It’s true. “Tomb Raider” is an genuinely good video game movie. I honestly didn’t think I would ever be able to say that with a straight face in my lifetime, but I can and it’s worth saying again. This is a good movie.

By that, I mean the movie has a concise, well-crafted story from start to finish. The movie establishes who Lara Croft is, what she’s dealing with, and what kind of person she is. The plot isn’t too messy. The effects aren’t too cheesy. The acting is actually good and not just from Ms. Vikander. Everyone in this movie seems to make a real, honest effort.

Like the 2013 video game, the movie follows a young, inexperienced Lara Croft who has yet to become the sexy badass that went onto inspire so much lurid fan art. However, by the end of the movie, you can already see traces of that sexy badass growing within her. As a character, she grows and evolves over the course of the movie. Watching her grow and seeing her struggle at times is genuinely compelling.

The story and the details surrounding it are tight and well-organized. At no point in the movie is there a scene that feels random, contrived, or forced. The events that unfold happen organically, from Lara getting arrested early in the movie to unlocking the secrets to an ancient tomb on the hidden island of Yamatai. Nothing ever just happens. There’s a rhyme and rhythm to the story.

It’s a story that is not bland or predictable, even to those who played the 2013 game multiple times, like I did. The movie downplays some of the more mystical elements of Lara Croft’s mythos, but still incorporates plenty of the over-the-top machinations that Tomb Raider and “Indiana Jones” fans alike can appreciate.

However, it’s that effort to make the movie feel less fanciful that, in my opinion, keeps it from being the kind of game-changing movie that “X-men” and “Wonder Woman” were. While “Tomb Raider” qualifies as a good movie, it doesn’t do enough to be a truly great movie.

This movie, in many respects, plays it safe. While it puts Lara through plenty of tough situations, things never get too dire for her. She’s allowed to suffer and endure wounds, but only to a point. Others, including her father as played by Dominic West, arguably endure a whole lot more.

Safe or not, it’s understandable that the movie wouldn’t try to do too much all at once. Movies that do that tend to get messy, as many recent Michael Bay films can attest. I think “Tomb Raider” did the right thing, playing it safe and keeping things simple. It left some of its potential on the table, but did plenty to leave much of that potential available for future sequels.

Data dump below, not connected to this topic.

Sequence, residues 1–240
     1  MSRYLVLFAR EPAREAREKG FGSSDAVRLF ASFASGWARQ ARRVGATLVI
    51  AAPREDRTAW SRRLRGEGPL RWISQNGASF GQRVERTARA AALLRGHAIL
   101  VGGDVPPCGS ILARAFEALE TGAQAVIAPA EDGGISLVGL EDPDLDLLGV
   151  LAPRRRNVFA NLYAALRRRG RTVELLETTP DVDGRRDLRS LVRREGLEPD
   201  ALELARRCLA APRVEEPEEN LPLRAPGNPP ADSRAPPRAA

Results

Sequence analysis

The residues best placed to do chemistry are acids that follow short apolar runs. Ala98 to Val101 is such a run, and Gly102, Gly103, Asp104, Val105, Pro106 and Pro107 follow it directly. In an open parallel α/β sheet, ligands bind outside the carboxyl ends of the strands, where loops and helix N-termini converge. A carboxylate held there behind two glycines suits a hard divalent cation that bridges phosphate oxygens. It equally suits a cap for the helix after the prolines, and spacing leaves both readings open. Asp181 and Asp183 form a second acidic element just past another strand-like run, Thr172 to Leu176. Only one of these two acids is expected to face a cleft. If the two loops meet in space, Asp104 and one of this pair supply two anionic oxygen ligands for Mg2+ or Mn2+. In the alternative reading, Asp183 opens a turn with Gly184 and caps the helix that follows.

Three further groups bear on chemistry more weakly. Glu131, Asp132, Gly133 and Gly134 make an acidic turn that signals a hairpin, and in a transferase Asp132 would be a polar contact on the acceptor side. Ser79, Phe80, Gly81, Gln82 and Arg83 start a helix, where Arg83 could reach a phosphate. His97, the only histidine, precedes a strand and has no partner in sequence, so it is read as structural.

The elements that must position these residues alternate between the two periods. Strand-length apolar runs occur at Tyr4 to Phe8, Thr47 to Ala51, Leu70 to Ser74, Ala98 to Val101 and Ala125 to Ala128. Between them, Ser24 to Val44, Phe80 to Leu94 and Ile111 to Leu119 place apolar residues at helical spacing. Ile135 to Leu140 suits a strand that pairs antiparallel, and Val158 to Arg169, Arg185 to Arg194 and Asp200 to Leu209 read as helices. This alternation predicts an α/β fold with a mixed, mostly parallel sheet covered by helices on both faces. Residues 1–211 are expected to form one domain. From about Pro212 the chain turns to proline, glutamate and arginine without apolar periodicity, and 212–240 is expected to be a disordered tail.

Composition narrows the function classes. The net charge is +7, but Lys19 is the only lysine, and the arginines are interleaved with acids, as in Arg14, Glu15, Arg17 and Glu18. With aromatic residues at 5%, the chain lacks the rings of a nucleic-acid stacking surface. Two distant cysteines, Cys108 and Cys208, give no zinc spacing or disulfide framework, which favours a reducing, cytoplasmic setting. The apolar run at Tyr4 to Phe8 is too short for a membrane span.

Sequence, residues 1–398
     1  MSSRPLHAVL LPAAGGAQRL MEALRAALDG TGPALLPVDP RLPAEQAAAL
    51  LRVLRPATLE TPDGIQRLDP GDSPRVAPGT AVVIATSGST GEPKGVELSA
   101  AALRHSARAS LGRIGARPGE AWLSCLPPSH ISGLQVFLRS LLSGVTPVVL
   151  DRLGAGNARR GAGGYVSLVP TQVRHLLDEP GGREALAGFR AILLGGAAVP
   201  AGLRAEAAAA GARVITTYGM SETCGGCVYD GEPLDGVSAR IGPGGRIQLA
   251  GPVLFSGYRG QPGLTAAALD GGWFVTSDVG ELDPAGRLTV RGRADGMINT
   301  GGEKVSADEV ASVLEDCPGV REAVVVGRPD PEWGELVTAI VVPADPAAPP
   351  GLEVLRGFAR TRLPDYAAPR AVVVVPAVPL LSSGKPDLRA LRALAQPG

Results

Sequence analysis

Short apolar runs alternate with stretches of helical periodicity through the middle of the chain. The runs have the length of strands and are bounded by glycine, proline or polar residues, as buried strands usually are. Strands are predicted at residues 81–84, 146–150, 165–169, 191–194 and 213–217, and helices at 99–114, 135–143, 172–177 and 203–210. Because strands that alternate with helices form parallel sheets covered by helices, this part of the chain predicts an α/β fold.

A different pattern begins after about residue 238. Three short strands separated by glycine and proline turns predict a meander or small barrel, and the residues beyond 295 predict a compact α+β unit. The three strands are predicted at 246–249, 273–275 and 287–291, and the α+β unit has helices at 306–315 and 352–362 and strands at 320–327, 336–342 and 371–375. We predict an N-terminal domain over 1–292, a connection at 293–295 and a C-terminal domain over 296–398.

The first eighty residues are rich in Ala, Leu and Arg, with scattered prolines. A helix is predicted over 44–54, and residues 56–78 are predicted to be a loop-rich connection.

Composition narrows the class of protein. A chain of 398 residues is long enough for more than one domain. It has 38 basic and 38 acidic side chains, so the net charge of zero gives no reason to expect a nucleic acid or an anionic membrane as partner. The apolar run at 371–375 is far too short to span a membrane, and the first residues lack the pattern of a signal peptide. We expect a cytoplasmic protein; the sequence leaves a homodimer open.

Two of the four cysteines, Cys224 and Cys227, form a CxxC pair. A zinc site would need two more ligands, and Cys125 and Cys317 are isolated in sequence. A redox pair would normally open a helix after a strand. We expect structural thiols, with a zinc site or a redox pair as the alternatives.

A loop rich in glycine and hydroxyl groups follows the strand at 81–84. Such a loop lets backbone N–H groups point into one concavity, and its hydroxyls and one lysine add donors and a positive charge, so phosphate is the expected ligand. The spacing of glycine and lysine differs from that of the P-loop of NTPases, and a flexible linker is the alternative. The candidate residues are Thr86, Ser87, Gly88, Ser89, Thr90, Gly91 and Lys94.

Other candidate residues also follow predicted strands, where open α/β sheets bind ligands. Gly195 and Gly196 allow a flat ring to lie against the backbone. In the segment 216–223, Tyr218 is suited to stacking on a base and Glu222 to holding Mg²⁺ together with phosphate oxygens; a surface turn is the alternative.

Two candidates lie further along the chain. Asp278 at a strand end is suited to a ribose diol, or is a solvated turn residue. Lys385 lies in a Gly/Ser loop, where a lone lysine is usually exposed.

That’s somewhat of a gamble, though. Too many movies, these days, are made solely with sequels in mind and sometimes that assumes too much. Anyone who saw “Green Lantern” or “The Mummy” can attest to that. At least with “Tomb Raider,” the ending and the revelations it offers actually leave you feeling excited for a sequel.

That’s a gamble that may or may not pay off. I’m aware that this movie did not exactly set the box office on fire, especially in a market still dominated by “Black Panther.” However, it did manage to pull in some decent numbers overseas and that might give this movie the fuel it needs to become a full-fledged franchise.

Again, the movie does have flaws. If you go into “Tomb Raider” looking for reasons to hate it, you’ll find them. If you think Ms. Vikander wasn’t sexy enough, you’ll find points in the movie to vindicate that. Conversely, if you think Ms. Vikander was too sexy and her portrayal in this movie is contributing to sexism and the objectification of women, you’ll find instances of that too.

If, however, you go in hoping for a good, coherent movie that tells a compelling, dramatic story, you’ll find that “Tomb Raider” delivers. In fact, I would argue that it delivers in ways no video game movie has ever managed before. It doesn’t do quite enough to be a new “Wonder Woman,” but it achieves far more than any previous video game movie has ever dared.

If I were to score this movie, I would give it a solid 8 out of 10 or a 7.5 out of 10 at the lowest. “Tomb Raider” has an opportunity to redefine a maligned movie genre and it succeeds. With other movies like “Rampage” coming out this year, the situation is ripe for a new generation of video game movies that aren’t terrible.